Troy Smith is approaching the upcoming Heisman Trophy presentation ceremony like he would the old Statue of Liberty play.
You know, fake a pass to set up a handoff.
Although the Ohio State quarterback figures to be a runaway winner when college football's highest individual honor is awarded on Saturday, Smith passed on the suggestion that the trophy will definitely be handed off to him at Saturday's ceremony.
"I can't talk about success as a Heisman winner because I might not win it," Smith said. "There are great players up for it. There is always a chance I might not win it."
Smith has everything needed to win the Heisman. He has the statistics, having completed 67 percent of his passes for 2,507 yards and 30 touchdowns with just five interceptions.
He has the signature highlight play when he sidestepped the rush and spotted Brian Robiskie for a 37-yard touchdown pass in the rain against Penn State.
He has the leadership of quarterbacking the 12-0 and top-ranked Buckeyes into the national championship game.
He even has the lineage. He will join Les Horvath, Vic Janowicz, Howard Cassady, Archie Griffin and Eddie George as Heisman recipients from Ohio State, and he has received sage advice from George and Griffin - the only two-time winner.
"When I've talked with both those guys nowhere along the way was it about the Heisman," Smith said. "It's always team, team, team and win the next game. They said if you worry about the team everything else will fall into place and I bought into that."
Smith seems to have everything, except a big-man-on-campus ego.
"I've tried to give my teammates all the credit and the glory," Smith said. "I think they deserve it. In the simplest terms, I throw the ball to them and watch them work miracles."
Some would suggest it's something of a minor miracle that Smith is in this position.
That's not a question of his considerable talent – that was never in doubt. He had to overcome a difficult childhood in which his mother, Tracy, was working through personal issues. Smith lived with his youth football coach, Irvin White, for four years.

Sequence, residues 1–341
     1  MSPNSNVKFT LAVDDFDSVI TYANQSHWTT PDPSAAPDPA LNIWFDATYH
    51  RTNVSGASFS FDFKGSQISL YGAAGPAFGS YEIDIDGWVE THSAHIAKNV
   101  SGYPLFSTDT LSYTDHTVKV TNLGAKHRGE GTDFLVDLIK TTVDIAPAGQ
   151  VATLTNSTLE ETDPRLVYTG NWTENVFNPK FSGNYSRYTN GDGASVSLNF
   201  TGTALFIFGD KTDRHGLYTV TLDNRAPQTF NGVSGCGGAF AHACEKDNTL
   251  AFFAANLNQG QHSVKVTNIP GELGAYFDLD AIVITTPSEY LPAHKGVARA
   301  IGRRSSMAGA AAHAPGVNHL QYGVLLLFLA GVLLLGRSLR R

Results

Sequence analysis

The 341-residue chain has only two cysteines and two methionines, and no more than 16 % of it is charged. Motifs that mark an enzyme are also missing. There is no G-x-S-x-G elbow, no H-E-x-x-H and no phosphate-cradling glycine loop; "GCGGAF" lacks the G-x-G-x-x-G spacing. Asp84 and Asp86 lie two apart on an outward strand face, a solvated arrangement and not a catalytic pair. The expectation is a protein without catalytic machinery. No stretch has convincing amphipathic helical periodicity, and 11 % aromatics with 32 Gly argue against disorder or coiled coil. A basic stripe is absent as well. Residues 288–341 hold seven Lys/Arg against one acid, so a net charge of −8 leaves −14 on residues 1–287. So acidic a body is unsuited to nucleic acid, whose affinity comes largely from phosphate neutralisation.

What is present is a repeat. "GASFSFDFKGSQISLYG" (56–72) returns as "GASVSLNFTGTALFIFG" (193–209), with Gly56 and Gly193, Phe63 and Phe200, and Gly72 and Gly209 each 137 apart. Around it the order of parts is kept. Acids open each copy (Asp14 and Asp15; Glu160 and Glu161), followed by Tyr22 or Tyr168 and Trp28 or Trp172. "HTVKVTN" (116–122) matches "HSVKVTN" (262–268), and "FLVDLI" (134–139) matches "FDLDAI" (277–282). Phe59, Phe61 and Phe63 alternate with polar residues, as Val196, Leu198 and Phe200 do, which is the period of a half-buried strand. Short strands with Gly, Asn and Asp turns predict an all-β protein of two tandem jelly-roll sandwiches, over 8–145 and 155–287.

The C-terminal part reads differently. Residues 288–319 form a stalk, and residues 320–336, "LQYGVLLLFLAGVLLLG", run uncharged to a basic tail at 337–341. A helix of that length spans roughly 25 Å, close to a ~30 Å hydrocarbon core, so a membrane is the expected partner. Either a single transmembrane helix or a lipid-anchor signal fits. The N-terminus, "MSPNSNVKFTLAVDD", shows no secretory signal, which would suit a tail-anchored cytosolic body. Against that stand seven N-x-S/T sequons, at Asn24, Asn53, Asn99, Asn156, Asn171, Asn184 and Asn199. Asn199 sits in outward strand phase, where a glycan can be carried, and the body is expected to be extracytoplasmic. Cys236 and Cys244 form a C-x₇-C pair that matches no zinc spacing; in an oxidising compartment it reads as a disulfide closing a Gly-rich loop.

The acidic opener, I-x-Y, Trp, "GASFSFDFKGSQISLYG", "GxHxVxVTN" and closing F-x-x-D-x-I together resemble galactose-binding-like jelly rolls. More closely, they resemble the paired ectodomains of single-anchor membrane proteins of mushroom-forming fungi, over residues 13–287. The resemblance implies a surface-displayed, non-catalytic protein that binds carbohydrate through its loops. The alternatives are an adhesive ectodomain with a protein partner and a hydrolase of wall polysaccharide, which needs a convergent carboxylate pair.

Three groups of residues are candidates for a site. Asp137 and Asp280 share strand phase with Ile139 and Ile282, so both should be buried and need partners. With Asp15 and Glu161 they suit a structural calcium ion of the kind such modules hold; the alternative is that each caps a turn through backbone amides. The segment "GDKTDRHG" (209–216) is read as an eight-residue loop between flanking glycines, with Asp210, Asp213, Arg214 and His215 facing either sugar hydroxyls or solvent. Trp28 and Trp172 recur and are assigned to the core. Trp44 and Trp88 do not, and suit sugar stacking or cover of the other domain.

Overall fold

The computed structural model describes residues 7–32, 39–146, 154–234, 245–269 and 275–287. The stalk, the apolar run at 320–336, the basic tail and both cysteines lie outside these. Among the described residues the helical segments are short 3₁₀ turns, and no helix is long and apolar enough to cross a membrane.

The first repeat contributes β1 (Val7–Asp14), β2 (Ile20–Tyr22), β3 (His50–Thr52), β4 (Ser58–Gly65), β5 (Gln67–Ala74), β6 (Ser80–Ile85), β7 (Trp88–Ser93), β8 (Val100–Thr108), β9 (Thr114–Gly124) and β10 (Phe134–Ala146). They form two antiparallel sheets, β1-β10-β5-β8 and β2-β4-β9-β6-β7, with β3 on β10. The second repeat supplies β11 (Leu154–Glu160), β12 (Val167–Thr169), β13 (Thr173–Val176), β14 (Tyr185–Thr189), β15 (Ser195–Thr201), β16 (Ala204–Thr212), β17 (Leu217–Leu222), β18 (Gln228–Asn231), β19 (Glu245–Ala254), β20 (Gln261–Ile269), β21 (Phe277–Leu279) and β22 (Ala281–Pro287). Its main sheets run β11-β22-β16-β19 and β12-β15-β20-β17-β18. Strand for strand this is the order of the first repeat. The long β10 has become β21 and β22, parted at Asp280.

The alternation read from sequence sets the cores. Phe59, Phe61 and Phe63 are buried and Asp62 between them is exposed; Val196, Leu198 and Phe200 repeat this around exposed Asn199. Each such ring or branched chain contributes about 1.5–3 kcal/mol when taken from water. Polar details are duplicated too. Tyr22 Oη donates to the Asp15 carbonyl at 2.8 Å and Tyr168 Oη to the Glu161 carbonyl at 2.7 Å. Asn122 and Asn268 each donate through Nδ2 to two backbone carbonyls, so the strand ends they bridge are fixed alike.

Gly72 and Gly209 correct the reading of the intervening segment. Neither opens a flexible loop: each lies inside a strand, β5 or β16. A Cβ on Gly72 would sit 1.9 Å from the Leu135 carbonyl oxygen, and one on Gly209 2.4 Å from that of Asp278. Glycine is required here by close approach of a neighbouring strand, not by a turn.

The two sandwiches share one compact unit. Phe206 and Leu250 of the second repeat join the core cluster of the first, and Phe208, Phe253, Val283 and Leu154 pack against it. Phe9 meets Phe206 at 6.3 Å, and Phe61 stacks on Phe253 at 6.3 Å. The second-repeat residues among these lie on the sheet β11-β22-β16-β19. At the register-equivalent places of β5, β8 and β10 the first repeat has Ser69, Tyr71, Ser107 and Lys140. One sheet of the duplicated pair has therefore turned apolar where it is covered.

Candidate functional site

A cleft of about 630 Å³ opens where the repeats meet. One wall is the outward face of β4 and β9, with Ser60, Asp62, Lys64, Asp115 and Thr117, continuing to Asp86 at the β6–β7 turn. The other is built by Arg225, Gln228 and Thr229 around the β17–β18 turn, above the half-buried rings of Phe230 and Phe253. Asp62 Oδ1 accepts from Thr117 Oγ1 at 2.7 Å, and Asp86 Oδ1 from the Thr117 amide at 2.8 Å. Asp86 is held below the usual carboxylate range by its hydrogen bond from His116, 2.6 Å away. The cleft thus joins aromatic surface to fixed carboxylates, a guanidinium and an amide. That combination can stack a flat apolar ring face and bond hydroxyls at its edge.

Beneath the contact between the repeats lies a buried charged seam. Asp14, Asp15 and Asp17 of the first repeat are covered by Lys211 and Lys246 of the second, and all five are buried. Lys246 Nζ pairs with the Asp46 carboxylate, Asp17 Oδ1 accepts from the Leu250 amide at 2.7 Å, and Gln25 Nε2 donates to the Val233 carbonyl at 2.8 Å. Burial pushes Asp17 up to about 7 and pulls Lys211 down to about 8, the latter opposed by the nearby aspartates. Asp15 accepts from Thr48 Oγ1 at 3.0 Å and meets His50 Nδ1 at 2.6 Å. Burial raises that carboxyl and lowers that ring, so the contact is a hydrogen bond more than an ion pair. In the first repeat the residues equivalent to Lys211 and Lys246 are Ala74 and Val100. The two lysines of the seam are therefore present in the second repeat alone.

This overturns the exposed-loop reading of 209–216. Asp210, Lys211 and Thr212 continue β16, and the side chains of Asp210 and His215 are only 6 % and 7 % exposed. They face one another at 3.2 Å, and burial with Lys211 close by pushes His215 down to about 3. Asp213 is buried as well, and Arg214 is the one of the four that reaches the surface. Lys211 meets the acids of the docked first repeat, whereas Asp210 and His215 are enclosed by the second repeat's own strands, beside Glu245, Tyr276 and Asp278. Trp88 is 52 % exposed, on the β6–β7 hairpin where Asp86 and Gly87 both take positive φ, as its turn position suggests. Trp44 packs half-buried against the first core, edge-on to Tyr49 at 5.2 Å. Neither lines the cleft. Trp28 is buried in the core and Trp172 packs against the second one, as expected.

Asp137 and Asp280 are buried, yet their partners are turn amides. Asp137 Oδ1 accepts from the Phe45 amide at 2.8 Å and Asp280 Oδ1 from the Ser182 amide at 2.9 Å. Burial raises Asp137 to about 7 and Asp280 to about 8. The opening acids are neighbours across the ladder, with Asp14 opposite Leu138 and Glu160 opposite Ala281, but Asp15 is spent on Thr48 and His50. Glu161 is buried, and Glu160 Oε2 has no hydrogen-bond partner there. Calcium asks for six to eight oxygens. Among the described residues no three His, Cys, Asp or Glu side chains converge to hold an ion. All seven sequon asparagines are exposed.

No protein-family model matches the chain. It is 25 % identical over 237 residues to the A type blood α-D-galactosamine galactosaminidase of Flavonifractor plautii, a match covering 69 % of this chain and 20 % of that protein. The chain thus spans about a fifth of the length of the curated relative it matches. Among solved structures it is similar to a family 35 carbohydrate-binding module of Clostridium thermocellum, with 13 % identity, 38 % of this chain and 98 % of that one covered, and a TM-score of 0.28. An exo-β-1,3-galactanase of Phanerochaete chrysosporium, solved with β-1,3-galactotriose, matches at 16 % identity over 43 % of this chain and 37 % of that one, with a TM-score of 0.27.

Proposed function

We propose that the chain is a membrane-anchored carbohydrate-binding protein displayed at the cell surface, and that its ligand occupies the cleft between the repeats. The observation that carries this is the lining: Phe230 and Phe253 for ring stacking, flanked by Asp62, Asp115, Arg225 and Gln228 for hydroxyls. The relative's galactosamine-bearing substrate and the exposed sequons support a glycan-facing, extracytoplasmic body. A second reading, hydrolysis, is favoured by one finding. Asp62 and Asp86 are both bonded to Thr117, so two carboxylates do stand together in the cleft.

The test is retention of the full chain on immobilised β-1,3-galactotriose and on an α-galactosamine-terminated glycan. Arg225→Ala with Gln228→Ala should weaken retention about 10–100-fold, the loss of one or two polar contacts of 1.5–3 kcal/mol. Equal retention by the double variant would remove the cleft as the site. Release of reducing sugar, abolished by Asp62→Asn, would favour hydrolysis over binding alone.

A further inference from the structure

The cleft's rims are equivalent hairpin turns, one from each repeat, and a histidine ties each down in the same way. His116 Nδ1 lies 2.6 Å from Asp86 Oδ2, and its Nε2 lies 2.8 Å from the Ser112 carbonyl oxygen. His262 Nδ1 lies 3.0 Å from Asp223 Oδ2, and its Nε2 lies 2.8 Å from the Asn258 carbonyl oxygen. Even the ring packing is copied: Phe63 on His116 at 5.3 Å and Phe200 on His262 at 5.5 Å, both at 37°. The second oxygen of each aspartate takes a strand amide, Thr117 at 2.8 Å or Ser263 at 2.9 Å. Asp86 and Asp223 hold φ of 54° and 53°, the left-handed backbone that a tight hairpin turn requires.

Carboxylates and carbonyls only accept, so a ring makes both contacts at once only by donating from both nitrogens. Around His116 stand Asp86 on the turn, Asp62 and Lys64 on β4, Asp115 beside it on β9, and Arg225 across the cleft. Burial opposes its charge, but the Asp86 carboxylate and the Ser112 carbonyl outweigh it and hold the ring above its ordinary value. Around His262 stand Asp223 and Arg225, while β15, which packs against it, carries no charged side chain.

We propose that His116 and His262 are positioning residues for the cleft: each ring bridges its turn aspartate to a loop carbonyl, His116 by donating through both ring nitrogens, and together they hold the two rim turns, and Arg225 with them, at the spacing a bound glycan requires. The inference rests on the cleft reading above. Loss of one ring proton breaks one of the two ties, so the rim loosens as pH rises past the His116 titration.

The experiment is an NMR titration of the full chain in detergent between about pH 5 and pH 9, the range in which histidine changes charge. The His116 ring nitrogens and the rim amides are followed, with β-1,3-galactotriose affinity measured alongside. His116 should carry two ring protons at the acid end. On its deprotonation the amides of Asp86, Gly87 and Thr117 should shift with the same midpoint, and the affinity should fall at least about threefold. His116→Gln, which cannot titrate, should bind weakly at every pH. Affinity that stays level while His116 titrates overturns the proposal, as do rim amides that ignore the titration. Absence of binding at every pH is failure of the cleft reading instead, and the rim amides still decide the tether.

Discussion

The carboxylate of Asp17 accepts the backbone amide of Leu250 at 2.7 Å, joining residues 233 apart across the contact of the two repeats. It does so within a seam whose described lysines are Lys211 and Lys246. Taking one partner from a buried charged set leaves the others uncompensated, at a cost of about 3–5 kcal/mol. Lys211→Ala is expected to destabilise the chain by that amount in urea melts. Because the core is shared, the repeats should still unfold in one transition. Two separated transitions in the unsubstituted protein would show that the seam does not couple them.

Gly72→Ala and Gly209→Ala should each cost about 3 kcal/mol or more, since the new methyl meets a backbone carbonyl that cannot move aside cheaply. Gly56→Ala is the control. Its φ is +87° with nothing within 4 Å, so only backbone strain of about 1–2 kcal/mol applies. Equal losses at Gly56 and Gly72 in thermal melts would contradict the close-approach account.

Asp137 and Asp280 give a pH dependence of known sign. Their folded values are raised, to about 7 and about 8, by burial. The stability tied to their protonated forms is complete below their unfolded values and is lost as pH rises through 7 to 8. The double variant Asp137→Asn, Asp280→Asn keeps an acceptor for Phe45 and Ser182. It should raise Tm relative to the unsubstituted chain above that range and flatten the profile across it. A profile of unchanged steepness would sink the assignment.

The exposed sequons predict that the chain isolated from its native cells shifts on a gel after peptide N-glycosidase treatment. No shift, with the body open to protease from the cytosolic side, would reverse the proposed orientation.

He admitted he was immature when he first arrived at Ohio State and was involved in a fight his freshman year. He accepted $500 from a booster his sophomore season, which resulted in a suspension.
But he has grown and his maturity seems to have caught up with his athletic ability.
He said he's looking forward to the trip to New York where the Heisman is presented.
"I want to see my mother's face," he said. "She's never been to New York, and I've never been to New York. When I have my family around me I'll definitely think about some things I've been through."
Which Heisman Trophy recipient won by the largest margin? (Answer at the end of the column.)
• The record reads 10-2, but Rutgers has another huge win that doesn't appear in the standings. Keeping coach Greg Schiano, who apparently turned down Miami, is even bigger than that victory over Louisville. However, it figures to come with a cost. Schiano's base salary is $875,000 and is scheduled to reach $1.1 million at the end of his contract. His success will likely expedite that increase. Athletic Director Robert E. Mulcahy III said he "expects to be fair and do the right thing." That would seem to be renegotiating Schiano's contract.
• Georgia backup quarterback Blake Barnes, a sophomore who was fourth on the Bulldogs' depth chart last season, has not contacted any schools and apparently does not plan to transfer.
• Ole Miss linebacker Rory Johnson has announced his intentions of foregoing his senior season to enter the NFL Draft. A junior college transfer, Johnson was second on the team with 94 tackles.
• UCLA Defensive Coordinator DeWayne Walker's profile has been raised considerably since the Bruins shut down USC's offense in a 13-9 victory that cost the Trojans a shot at the national championship. Walker's name has since surfaced in connection with the vacant head coaching position at Stanford. He has also been mentioned for some coordinator positions in the NFL. Walker is in his first year at UCLA and has revamped a defense which ranked 113th nationally in total defense in 2005 and 106th in 2004.
• Texas-El Paso offensive coordinator Eric Price, son of UTEP head coach Mike Price, confirmed he has talked with Tulane athletic director Rick Dickson about the head coaching position there. Clemson assistant coach Tommy West, a former Tulane coach, has also expressed interest in that position.
• Cincinnati knows who its coach is for next season, and now it knows who will coach it's next game. New head coach Brian Kelly, recently hired away from Central Michigan to replace Mark Dantonio (now at Michigan State), will coach the Bearcats against Western Michigan in the International Bowl on Jan. 6.
In 1968, USC star O.J. Simpson beat Purdue's Leroy Keyes by 1,750 points.
Olin Buchanan is the senior national college football writer for Rivals.com.